The Plan III

Hey all.

So, after my last post, which was the break-you-down half of the break-you-down-then-build-you-back-up cycle, I've devised a new Plan.

Executive Summary
(Refer to The Workout Schedule calendar)
  • Post-Race Recovery week
  • 8 Weeks Pre-Training
  • 12 Week 10k Training Program
  • Multiple-Joint Weightlifting 3 Times a Week, Plus 1 Day Circuit Training
Weight Program
squats, lunges, toe raises — 3 sets @5-8 reps each
bench, pull-ups or rows, still dips — 3 sets @5-8 reps each
deadlift, lunges — 3 sets @5-8 reps each
circuit training — 30 minutes

I could deconstruct what I need to do in a billion little pieces, analyze them and elaborate in great detail; but it really all comes down to discipline. I have no proven method for becoming more disciplined, but I do have a theory; with any large, potentially daunting problem you don't know the solution to, it usually helps to break down the BIG problem into smaller, more manageable pieces. I feel that if I break the problem of discipline down into a series of workouts, then tackle each workout individually, along the way I will develop discipline. That's the underlying theory behind The Plan III.

Things That I Used To Do
Historically, I've somewhat half-assed my training; I did the Couch to 5k thing some years back when I first started running. Since then, I've taken a somewhat commando approach to training for races. If I wanted to run a 10k, I picked a 10k plan and jumped right in. For the half marathon, I picked the Cool Running Beginner's Half Marathon Program and immediately started on Week 1, without verifying I was adequately pre-trained.

I didn't always strictly adhere to every date in the schedule, and I didn't necessarily make sure my pre-training was up to snuff. The cart came before the horse: I would sign up for a race, then I'd find a training plan and fit it in.

The Medium is the Message
This time out, my approach is the opposite. I am not choosing a race as a goal; instead, going through the process of training is my goal. Once completed I can feel confident that I've put the time and the miles in, I have a solid base, and that I'm where I should be. Then, having proven this to myself, I can pick a race to train for and go from there.

I think I'll run a lower risk of injury, and be much better prepared for whatever the next step is.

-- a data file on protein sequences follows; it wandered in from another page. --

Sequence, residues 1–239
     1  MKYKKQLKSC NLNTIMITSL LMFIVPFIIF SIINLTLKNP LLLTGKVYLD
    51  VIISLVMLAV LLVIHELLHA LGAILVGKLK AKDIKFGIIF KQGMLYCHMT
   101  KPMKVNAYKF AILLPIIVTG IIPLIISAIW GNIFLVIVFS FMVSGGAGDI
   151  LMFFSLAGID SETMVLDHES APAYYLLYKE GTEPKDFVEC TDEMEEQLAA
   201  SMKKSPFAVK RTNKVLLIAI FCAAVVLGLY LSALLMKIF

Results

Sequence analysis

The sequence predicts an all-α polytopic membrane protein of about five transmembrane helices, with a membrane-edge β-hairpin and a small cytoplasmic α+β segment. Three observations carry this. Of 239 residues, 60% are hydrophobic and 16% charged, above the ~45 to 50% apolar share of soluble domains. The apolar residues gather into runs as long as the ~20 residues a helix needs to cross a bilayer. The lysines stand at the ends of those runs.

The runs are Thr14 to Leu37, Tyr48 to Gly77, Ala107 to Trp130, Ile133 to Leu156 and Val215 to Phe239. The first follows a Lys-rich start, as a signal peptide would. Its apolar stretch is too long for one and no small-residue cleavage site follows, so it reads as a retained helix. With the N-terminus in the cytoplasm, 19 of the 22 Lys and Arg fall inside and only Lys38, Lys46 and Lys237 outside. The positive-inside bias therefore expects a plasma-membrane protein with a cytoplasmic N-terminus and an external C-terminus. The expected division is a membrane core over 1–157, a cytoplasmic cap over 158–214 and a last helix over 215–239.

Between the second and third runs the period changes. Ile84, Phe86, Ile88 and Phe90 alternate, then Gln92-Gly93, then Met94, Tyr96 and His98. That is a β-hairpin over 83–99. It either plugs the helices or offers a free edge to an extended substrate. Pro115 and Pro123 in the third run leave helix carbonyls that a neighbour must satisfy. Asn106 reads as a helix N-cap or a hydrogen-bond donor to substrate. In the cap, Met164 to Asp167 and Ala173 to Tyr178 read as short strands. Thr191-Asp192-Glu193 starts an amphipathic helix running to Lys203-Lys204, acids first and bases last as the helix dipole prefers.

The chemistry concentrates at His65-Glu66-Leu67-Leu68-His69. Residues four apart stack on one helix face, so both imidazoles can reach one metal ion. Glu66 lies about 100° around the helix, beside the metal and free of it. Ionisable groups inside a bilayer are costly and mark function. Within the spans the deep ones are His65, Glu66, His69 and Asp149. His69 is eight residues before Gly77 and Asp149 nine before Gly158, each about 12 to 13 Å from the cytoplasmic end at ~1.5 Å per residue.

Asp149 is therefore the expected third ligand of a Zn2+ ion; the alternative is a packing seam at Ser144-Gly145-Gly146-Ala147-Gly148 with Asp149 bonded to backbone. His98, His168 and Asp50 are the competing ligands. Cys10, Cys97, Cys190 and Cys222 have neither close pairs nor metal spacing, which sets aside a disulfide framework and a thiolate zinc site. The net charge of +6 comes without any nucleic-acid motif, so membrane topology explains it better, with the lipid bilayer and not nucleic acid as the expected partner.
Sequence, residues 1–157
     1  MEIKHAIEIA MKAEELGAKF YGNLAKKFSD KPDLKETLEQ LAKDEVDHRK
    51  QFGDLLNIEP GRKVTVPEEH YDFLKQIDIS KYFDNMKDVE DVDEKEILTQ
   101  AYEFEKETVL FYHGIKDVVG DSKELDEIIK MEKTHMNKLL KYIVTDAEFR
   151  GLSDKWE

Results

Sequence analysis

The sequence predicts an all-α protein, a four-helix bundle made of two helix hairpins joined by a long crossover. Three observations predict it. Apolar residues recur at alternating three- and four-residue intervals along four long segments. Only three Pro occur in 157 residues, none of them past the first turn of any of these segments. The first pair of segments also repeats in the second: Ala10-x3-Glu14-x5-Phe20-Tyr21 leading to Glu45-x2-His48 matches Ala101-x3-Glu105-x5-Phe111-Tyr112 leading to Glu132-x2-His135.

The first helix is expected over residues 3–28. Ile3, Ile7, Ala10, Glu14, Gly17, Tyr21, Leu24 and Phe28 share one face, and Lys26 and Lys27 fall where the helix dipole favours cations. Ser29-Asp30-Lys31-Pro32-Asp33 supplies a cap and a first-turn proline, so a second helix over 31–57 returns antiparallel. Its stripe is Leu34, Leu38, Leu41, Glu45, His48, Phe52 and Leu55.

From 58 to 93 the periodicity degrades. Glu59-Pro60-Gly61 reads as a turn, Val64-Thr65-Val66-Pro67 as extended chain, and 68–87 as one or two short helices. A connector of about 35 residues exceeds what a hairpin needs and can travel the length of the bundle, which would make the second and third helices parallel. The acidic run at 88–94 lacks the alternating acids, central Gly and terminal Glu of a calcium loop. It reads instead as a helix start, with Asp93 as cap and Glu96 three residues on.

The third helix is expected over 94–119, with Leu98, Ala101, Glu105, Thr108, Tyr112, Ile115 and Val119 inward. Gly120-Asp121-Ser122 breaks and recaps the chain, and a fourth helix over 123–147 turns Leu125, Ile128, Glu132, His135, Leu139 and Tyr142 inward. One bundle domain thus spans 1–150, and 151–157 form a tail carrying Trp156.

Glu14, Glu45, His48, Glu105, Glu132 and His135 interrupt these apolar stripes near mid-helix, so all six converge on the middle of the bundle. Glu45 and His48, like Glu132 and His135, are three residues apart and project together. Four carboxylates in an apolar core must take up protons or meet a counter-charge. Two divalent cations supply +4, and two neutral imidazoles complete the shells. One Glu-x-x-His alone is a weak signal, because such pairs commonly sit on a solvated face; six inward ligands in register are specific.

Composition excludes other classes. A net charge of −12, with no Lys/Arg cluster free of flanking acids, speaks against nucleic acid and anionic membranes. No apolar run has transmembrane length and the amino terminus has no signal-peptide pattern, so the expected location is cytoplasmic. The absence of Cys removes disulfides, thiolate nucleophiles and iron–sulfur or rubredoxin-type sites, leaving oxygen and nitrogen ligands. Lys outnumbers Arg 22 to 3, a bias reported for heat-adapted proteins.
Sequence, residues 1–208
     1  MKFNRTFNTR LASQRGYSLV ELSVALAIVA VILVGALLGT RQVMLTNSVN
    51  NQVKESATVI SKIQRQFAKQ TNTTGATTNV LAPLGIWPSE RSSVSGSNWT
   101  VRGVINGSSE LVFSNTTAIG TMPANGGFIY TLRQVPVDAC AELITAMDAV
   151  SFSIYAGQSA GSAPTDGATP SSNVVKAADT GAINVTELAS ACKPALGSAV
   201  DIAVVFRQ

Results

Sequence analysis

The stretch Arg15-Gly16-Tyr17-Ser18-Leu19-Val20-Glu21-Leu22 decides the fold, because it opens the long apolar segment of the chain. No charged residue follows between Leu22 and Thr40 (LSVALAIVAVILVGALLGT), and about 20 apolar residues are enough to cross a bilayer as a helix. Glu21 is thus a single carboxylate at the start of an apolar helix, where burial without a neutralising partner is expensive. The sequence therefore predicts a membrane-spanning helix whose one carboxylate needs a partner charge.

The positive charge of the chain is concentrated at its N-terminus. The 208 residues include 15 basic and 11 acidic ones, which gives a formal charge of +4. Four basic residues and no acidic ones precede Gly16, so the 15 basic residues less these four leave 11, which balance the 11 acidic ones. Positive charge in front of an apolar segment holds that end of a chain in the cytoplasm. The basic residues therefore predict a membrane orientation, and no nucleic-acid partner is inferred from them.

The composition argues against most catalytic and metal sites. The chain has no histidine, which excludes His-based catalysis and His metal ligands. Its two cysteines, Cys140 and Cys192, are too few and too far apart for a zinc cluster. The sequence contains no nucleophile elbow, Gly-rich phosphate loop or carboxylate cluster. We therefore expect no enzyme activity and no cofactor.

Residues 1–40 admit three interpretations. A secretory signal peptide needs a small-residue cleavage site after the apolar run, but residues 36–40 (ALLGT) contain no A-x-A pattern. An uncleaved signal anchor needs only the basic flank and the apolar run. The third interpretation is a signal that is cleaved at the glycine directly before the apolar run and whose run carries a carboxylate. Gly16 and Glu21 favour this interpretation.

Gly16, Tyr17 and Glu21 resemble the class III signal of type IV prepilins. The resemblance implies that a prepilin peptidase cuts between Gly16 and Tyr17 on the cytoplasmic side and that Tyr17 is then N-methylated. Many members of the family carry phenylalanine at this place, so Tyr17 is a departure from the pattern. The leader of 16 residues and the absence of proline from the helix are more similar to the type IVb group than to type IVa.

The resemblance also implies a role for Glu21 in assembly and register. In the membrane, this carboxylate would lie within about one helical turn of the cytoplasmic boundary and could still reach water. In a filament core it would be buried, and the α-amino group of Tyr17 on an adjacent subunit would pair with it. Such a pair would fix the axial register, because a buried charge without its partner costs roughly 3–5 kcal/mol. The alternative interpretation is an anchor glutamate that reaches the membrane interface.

Some Lingering Doubt
It's critically important to have realistic goals. Looking at this schedule, I'm confident that I can commit to the running. I am concerned, however, with working in the gym-bound portion, which is more difficult than throwing on a pair of shoes and going. I've switched up some other (off-topic, personal) stuff, which should allow me to get into a schedule more conducive with hitting the miles and the gym.

I'll try to be realistic, and adjust the calendar honestly and objectively as I go.

Final Thoughts
If my theory proves true, discipline won't be achieved through one sweeping gesture; instead, it'll be earned and accumulated in each mile I run and workout I complete.

One step at a time, baby.

2 Brilliant Remarks:

  1. cyberpenguin said...

    Hi John,

    I like your approach! I feel the same way; I don't want to look at a race as an end-goal in & of itself; it's just one milestone in a series of milestones. It's part of the process of getting into shape, which is after all, the larger goal. ;-)

    Not everyone needs external motivators like road races to keep them going! It's good that you know what motivates you.

    I wish you lots of success in your training program & look forward to hearing about your progress along the way!


  2. thanks Corey

    I'm stoked to get started, and I'm hoping that, bit by bit, it'll get me where I wanna go. By March I'll be able to set a new goal, and we'll see what that is. Maybe a cross-country road trip for some Right Coast race. It'll be too late for the Shamrock, but there's bound to be something going on.